Diet Assessment

It is tragic how children know little about fresh food. The area that particularly captured my attention is introducing change by teaching kids about food in school and home. If children cannot understand food basics such as potatoes, cabbages, carrot, and maize, they will live their entire lives knowing only about processed food. It is much easier to nurture a mind at an earlier stage. The introduction of diet programs in schools can equip children with skills of meal preparation, food production, and create a sense of sense of responsibility to healthy diet lifestyles. The movement is bound to control diet-related illness at the roots and cut it off before it grows into a bigger problem. Processed food can be addictive and tempting to desist if exposed to them for a long time. However, if we teach kids about the advantages of fresh meals, they can make a healthy diet.

According to Stuber, 2014, nutrition programs in schools help control obesity rates in a simplified way by raising awareness of healthy diet procedures. The inability to access information on a variety of fresh foods contributes to obesity. Exposing children to the basics of food preparation offers them the ability to make informed decisions in taking healthy meals. Children get insights into the dangers of sugars, fats, calories, and additives in processed foods from nutrition programs. Healthy diets also improve academic performance and discipline of children by enhancing their confidence and memory in school. In my perspective, education on food needs to begin at home. Guardians need to teach their kids how to prepare fresh food and expose them to videos, articles, or programs that empower them on healthy diets.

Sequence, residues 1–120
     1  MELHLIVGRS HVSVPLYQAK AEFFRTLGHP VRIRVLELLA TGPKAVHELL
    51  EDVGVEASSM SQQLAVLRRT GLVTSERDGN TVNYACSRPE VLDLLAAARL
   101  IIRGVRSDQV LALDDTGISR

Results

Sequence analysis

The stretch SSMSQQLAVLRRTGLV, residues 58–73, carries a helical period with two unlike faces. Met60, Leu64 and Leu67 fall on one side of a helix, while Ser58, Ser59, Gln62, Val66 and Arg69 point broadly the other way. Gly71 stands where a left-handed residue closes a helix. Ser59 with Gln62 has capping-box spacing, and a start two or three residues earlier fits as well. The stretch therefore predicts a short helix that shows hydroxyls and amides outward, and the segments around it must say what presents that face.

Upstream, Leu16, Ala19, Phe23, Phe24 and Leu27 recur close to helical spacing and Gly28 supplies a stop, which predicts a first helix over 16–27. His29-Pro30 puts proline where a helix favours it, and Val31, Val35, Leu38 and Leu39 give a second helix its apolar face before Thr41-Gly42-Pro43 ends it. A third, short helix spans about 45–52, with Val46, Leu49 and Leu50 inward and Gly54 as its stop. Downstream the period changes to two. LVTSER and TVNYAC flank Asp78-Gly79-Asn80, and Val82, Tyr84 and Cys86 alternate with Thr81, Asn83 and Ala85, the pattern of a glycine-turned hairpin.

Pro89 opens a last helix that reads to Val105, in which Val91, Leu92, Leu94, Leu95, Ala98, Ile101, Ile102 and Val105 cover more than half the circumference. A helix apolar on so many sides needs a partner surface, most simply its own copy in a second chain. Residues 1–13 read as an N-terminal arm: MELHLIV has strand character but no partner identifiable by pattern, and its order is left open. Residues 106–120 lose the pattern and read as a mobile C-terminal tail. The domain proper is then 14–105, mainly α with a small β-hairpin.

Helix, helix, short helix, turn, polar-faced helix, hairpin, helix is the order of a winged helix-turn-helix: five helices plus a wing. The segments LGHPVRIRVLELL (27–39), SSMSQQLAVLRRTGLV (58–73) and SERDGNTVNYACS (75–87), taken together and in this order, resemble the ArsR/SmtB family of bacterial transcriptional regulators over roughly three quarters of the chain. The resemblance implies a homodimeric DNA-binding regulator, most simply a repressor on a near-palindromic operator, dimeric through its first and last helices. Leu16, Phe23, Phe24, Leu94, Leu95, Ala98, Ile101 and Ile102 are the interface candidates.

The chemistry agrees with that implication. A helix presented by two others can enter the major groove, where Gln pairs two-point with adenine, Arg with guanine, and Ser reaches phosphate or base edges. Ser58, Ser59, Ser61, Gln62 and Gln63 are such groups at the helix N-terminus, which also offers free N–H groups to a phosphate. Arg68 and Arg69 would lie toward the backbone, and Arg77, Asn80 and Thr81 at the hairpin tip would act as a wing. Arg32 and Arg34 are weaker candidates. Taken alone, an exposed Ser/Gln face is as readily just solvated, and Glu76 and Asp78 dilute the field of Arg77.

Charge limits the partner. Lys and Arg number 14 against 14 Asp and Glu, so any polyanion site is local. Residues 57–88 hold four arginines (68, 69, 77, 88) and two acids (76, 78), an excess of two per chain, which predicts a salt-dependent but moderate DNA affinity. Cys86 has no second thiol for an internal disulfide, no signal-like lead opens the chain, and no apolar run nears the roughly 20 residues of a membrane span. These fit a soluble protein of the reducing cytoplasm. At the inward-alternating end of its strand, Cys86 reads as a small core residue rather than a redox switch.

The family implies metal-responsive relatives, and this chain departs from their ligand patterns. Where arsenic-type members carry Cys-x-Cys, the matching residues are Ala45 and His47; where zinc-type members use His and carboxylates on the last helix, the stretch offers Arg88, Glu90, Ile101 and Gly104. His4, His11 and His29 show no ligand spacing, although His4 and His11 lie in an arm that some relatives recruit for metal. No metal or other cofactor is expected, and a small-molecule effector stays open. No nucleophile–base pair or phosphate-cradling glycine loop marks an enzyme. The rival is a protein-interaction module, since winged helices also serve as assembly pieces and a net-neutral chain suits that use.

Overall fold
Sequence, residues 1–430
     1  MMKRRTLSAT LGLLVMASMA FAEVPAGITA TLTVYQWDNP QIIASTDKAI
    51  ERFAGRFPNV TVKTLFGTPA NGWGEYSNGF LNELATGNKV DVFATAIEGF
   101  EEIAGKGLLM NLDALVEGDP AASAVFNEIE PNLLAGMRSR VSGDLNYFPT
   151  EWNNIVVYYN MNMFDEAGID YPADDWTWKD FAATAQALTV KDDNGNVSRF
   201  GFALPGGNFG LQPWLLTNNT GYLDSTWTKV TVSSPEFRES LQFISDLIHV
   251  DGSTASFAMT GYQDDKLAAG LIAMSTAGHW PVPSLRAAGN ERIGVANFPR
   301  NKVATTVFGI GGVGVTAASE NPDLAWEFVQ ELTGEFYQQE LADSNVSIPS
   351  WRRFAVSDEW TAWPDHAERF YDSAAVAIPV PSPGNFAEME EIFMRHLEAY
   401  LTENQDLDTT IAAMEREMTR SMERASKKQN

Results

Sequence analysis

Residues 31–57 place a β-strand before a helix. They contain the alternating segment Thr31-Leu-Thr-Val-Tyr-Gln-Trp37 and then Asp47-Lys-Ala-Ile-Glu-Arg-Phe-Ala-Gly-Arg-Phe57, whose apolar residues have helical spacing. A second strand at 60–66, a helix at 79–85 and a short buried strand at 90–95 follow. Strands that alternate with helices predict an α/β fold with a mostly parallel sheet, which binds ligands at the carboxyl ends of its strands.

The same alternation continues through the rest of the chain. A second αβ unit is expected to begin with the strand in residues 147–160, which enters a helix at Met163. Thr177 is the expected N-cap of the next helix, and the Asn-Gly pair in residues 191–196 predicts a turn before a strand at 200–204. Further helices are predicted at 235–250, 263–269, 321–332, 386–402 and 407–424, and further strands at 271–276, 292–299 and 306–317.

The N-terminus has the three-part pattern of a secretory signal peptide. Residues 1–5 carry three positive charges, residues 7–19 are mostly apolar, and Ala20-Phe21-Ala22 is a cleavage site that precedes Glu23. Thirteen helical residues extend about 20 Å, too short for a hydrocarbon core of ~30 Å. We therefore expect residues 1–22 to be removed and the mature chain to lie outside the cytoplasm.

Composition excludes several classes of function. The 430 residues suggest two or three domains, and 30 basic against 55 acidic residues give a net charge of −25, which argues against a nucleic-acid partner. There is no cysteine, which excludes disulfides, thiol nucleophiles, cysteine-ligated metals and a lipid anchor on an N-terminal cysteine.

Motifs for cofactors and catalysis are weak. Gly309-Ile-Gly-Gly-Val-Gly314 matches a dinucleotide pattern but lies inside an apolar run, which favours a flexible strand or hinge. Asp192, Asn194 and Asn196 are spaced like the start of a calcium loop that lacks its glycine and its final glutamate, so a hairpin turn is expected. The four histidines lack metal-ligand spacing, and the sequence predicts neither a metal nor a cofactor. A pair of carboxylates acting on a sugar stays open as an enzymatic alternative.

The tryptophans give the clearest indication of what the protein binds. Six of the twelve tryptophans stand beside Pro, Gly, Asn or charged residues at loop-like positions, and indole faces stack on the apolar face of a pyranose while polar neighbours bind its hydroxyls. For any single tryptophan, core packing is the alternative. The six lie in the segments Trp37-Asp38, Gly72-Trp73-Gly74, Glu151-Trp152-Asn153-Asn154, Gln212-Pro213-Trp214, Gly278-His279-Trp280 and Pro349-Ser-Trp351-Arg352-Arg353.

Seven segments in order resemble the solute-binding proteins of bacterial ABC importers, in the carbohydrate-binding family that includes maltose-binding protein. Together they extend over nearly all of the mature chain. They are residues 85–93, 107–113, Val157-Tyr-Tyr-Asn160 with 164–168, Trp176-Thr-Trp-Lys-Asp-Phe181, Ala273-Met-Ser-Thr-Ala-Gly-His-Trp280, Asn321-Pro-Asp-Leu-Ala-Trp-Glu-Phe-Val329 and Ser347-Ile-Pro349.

References

Stuber, N. (2014). Nutrition and Students’ Academic Performance. Wilder Reserchwww.wilderresearch.org

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